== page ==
The archives of the International Tracing Service hold millions of records about Germany's actions in WWII. They total some 16 miles of files in six buildings in the central German spa town of Bad Arolsen.
But, for 50 years, the ITS has kept the files closed to the public, allowing only a trickle of information to survivors and their descendants. Some inquirers have waited years to receive a response.
Their long-criticized policy is about to change.
In May, after years of pressure from the United States and survivors' groups, the 11 countries overseeing the archive agreed to unseal the files.
The files were moved to Bad Arolsen in 1946 and administration was handed over to the Red Cross in 1955. In a former Waffen-SS barracks, index cards fill three rooms, and files are kept in long cabint-filled corridors with binders on floor-to-ceiling shelves.
Although it is supposed to trace missing persons and help families reunite, ITS has allowed only very few people inside, and has historically responded to requests for information with minimal data, even when its files held much more information as well as personal effects of victims.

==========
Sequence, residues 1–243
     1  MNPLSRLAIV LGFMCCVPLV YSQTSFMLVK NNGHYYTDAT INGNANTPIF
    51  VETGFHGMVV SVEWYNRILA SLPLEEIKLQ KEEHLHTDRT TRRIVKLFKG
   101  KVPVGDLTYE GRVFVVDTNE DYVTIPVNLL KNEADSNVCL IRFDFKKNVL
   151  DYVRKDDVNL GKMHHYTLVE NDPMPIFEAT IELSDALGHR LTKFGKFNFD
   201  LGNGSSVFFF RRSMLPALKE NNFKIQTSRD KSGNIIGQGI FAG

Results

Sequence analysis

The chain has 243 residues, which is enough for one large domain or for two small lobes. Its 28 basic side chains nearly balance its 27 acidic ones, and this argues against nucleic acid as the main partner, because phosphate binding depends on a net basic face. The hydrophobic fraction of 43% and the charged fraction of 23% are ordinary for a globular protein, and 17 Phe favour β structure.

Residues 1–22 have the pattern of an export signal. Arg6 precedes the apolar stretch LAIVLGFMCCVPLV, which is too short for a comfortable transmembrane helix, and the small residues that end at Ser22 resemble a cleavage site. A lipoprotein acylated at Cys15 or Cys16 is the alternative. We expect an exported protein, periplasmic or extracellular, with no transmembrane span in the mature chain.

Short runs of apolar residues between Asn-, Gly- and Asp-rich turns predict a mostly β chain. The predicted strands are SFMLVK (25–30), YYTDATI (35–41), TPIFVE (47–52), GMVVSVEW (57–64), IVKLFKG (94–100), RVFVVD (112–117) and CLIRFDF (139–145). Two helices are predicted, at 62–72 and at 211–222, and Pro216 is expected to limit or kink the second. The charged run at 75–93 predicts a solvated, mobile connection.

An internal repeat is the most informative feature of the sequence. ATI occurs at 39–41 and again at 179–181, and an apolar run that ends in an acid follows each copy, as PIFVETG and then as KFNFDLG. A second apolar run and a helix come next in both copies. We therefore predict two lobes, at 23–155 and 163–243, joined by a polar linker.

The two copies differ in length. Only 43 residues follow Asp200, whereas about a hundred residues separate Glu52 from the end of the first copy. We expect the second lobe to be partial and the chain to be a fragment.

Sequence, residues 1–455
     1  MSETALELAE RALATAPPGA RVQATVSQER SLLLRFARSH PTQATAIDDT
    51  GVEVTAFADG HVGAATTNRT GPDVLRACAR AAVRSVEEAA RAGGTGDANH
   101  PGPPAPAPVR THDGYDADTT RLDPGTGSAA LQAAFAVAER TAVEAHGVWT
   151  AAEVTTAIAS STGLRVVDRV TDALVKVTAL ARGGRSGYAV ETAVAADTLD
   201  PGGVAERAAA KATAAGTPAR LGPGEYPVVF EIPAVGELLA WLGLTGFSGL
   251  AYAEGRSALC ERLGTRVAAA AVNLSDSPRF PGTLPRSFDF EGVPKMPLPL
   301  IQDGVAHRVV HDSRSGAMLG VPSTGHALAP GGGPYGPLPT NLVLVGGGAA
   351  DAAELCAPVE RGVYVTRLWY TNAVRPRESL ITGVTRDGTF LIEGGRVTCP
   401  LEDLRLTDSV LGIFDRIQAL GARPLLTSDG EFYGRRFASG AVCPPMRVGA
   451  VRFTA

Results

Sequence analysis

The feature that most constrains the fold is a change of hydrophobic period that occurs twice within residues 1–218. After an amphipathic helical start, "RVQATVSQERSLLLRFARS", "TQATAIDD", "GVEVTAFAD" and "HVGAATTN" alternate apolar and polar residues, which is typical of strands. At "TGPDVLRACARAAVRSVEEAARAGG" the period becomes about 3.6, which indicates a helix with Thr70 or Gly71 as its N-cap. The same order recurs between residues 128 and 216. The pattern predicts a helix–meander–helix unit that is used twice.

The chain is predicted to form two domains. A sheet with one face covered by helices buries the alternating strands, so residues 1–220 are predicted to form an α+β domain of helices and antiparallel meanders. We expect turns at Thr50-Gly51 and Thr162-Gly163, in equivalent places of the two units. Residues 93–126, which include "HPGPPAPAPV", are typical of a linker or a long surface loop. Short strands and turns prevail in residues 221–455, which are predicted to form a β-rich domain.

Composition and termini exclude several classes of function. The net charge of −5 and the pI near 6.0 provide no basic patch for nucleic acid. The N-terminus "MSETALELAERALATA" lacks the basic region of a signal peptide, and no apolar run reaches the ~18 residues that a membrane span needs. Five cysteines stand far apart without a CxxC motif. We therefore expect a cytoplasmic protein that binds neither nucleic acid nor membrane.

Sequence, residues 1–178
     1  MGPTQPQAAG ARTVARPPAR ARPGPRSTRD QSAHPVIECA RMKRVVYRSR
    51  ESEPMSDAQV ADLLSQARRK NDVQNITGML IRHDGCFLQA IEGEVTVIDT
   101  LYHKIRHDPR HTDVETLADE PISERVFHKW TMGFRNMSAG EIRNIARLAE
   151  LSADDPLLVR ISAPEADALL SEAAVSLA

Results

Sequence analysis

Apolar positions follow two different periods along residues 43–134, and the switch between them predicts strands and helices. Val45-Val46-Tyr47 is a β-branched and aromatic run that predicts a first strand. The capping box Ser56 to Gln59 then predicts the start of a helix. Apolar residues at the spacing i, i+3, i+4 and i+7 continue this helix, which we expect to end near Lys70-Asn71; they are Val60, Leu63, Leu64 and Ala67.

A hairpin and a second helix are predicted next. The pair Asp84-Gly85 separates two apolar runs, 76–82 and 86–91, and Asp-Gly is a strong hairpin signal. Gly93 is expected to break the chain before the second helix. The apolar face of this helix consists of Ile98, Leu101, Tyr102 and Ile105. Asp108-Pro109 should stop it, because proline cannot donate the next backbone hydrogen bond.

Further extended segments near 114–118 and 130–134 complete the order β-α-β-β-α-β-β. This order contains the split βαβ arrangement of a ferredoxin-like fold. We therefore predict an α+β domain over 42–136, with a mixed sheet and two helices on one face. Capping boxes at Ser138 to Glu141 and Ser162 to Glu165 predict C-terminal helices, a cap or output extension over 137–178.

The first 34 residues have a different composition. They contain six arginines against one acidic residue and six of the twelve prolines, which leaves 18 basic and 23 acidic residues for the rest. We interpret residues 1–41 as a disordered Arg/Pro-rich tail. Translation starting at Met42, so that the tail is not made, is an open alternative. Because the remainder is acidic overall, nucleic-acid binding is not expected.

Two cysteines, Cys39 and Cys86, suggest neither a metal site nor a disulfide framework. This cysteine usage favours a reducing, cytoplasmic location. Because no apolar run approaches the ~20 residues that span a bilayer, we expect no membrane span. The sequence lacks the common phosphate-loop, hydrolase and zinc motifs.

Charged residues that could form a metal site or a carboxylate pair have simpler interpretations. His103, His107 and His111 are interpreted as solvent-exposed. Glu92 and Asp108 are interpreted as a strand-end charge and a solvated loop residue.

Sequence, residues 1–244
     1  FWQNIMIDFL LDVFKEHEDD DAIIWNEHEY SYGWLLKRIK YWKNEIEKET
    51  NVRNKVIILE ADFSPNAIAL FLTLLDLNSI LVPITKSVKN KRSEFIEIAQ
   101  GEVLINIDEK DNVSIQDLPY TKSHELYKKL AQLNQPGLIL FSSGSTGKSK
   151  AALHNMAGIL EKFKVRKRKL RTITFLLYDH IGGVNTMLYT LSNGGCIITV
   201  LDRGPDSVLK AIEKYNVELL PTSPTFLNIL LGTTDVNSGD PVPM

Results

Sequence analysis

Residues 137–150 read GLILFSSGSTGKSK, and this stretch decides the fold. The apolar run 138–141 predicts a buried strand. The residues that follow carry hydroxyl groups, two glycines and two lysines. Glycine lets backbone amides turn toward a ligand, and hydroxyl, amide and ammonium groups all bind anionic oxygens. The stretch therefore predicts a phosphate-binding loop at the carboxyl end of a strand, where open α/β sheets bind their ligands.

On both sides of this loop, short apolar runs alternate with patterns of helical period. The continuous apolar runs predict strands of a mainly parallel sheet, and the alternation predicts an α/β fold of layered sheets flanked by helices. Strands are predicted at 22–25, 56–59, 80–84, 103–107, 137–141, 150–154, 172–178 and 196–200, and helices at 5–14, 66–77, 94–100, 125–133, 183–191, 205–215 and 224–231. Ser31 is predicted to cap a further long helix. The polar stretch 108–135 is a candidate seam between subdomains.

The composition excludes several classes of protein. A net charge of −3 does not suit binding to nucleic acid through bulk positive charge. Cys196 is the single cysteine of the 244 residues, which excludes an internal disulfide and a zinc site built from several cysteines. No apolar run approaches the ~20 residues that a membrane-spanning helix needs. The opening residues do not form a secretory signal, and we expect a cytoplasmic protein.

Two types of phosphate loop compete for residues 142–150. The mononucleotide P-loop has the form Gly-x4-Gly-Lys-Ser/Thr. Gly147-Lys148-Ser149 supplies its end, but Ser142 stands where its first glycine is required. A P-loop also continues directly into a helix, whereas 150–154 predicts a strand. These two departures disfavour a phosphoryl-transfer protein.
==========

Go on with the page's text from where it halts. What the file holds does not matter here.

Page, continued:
Critics accuse the archive of being unhelpful, but the Red Cross and ITS retort they must abide by German privacy laws and protect the reputations of victims alive or dead.
The Associated Press, which has recently been given substantial access to the files, has written about what is coming to light.
Another take on the kinds of details in the archive, also reported by the AP,
is the moving story of an Ohio man who has been searching for information from the ITS for 16 years. Sol Factor, born Meier Pollak/Polak on July 9, 1946, was separated from his mother Rosa Pollak/Polak as an infant and adopted by a Massachusetts family in 1950.